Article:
SANDY HOOK – After climbing the 95 steps to the top of 250-year-old Fort Hancock lighthouse, there’s a view that money can’t buy.
“It is remarkable,” said John Harlan Warren, a National Park Service (NPS) external affairs officer.
He and National Park Service Ranger Tom Hoffman, the fort historian, took in the 360-degree view from atop of the 73-foot lighthouse (103 feet when factoring in the top of the lightning rod, Hoffman pointed out), scanning the site of the former U.S. Army military installation at the northern tip of Gateway National Recreation Area at Sandy Hook. The view takes in the beach and Atlantic Ocean to the east, Sandy Hook Bay to the west and New York City in the not-too-distant north.
“It is our past and our future,” Warren said.
The lighthouse has a remarkable history and the park service is sharing it as it prepares to celebrate it 250th anniversary.
The lighthouse beacon was first turned on June 11, 1764, making it the oldest continually operating and still standing lighthouse of the 11 first constructed in the 13 original colonies, according to Warren.
In preparation for the anniversary, the park service has had the structure power washed, making the white tower – repainted in 2000 – gleam in the sun. In honor of the anniversary, as well, the Sandy Hook Foundation, a private not-for-profit fundraising organization, has paid to have the exterior of the former lighthouse keeper’s house repainted to spruce it up for the occasion, Warren said.
The park service will be having a series of free, family friendly activities to mark the anniversary from 11 a.m. to 4 p.m. Saturday June 14. There will be historic reenactments, musket drills, cannon demonstrations, games and lectures on the lighthouse and fort’s history, Warren said.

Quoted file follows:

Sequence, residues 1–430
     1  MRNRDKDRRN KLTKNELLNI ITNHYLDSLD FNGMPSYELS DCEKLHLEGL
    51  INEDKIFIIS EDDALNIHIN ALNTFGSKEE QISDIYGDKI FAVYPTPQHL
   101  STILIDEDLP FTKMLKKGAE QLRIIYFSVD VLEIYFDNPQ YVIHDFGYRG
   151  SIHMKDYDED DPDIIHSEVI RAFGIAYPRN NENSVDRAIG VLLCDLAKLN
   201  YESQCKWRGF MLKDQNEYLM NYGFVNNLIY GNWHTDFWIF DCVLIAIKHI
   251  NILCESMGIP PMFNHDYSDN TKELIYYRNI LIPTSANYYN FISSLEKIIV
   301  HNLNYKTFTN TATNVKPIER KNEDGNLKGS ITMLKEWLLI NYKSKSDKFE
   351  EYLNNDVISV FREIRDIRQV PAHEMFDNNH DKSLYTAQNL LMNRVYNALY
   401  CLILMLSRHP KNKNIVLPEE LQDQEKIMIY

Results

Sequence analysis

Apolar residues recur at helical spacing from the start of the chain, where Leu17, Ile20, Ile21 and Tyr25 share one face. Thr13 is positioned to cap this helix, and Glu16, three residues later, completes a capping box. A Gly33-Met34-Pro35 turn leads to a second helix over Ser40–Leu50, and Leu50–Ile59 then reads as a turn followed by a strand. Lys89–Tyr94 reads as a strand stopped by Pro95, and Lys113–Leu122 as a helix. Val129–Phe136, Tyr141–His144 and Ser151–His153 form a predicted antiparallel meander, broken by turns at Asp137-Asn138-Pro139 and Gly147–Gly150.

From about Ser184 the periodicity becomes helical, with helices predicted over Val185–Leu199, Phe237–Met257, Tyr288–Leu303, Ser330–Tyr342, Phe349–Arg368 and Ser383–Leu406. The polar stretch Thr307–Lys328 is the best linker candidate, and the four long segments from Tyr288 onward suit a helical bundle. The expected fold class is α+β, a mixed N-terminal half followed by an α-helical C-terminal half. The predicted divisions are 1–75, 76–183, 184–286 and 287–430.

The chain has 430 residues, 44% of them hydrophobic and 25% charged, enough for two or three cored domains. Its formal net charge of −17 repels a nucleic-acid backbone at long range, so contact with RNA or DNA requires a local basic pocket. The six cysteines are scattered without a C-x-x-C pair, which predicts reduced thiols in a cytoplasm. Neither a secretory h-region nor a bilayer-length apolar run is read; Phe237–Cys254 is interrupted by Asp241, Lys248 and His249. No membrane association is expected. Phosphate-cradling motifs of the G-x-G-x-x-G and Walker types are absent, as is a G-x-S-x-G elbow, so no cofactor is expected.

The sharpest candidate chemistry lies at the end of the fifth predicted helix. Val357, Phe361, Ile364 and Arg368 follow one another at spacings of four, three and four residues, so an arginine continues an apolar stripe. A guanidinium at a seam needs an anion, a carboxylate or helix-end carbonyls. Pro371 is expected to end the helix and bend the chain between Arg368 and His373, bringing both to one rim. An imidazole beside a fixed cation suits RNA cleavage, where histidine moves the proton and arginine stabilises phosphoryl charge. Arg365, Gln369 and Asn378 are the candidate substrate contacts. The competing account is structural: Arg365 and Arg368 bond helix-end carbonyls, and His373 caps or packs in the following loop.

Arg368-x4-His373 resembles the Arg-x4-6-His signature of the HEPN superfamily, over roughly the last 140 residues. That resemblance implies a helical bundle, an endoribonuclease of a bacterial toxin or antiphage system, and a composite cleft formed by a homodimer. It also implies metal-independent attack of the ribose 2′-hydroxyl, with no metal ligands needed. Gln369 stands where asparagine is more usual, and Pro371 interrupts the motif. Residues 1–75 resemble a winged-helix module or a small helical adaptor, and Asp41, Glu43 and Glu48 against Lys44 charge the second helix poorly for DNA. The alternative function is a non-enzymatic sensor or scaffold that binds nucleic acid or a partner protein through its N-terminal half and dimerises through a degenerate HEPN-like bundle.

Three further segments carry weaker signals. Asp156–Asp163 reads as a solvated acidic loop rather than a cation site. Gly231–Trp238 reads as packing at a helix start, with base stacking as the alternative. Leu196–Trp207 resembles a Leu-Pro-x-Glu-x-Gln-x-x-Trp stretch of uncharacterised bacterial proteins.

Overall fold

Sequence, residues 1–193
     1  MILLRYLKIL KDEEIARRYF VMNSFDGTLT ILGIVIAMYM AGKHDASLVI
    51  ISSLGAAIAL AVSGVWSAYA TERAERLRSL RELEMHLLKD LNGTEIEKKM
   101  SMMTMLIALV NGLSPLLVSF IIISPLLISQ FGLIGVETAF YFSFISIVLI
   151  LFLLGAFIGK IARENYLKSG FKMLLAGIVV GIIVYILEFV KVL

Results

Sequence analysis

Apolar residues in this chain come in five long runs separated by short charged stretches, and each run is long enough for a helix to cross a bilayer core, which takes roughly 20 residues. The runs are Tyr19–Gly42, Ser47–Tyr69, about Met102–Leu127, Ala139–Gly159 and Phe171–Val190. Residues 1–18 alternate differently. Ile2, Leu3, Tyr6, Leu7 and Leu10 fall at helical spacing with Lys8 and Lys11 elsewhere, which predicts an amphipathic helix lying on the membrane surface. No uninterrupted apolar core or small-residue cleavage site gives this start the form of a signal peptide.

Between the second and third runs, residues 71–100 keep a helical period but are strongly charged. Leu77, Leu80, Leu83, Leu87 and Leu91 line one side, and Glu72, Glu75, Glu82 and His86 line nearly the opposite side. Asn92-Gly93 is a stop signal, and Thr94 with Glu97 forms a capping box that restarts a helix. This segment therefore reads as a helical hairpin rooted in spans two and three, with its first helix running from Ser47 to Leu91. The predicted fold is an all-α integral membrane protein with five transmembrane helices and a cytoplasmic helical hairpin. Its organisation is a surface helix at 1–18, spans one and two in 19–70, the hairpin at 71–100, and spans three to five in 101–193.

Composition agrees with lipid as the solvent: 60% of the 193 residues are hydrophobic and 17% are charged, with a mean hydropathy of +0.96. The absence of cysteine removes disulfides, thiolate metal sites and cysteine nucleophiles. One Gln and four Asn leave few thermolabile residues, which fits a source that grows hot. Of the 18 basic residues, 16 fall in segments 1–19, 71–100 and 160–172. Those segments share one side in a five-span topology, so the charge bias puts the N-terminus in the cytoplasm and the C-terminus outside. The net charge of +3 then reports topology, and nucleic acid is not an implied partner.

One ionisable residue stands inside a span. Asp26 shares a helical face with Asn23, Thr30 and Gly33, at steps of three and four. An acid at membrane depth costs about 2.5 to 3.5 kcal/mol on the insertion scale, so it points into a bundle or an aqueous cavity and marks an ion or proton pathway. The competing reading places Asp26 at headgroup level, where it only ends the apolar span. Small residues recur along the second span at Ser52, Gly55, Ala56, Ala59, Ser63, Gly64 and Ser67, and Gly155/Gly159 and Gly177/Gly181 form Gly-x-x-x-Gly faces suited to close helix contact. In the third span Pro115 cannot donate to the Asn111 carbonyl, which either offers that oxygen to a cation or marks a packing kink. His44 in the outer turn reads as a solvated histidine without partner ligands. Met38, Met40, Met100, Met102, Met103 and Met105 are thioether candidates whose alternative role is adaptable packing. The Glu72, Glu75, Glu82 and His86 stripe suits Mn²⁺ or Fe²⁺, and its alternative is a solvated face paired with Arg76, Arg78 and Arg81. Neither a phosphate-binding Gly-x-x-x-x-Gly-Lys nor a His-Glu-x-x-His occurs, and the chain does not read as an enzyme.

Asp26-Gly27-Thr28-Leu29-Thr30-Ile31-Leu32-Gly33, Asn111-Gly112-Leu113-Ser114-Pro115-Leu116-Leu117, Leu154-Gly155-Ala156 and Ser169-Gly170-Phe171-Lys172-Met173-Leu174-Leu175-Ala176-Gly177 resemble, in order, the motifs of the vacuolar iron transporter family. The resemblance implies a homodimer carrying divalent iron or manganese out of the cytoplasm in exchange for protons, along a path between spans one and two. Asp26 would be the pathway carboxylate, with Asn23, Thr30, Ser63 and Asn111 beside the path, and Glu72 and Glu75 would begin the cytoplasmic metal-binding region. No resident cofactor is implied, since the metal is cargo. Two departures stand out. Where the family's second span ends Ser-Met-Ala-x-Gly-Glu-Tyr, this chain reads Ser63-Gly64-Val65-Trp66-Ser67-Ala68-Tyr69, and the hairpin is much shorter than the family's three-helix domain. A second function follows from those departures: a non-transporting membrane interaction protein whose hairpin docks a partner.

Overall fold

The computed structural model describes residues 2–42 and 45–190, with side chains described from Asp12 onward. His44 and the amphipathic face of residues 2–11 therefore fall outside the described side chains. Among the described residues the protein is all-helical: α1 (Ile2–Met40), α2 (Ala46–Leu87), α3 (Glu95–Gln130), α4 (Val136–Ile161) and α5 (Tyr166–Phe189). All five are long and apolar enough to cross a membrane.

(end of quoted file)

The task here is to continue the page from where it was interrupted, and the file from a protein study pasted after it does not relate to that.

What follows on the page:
The lighthouse sits back a fair distance from the shoreline these days, nestled in the cluster of structures that had been part of the fort. But, that wasn’t always the case.
“When this was new in 1774, you would have had a shore view” with the lighthouse sitting right on the tip of Sandy Hook, Hoffman said. During the past two-and-a-half centuries the shoreline has been extended by about a mile – from the tidal shift of sand north and “the tip growing away from the lighthouse.”
Construction of the lighthouse was begun 1762 and was initially erected with stone, probably rough granite, Hoffman said. It measured about 7-feet thick at its base.
The construction, in a large part, accounts for its longevity. Many other lighthouses of the time, including one built in Boston even earlier, were constructed of wood, making them vulnerable to fire and weather.
“You need a strong structure to deal with Mother Nature,” Hoffman said.
To pay for its operation and maintenance, the Colony of New York imposed a tonnage tax of three pence per ton on cargo ships sailing into New York Harbor. The tax proceeds were used for the lighthouse’s upkeep and to pay the lighthouse keeper, according to Hoffman.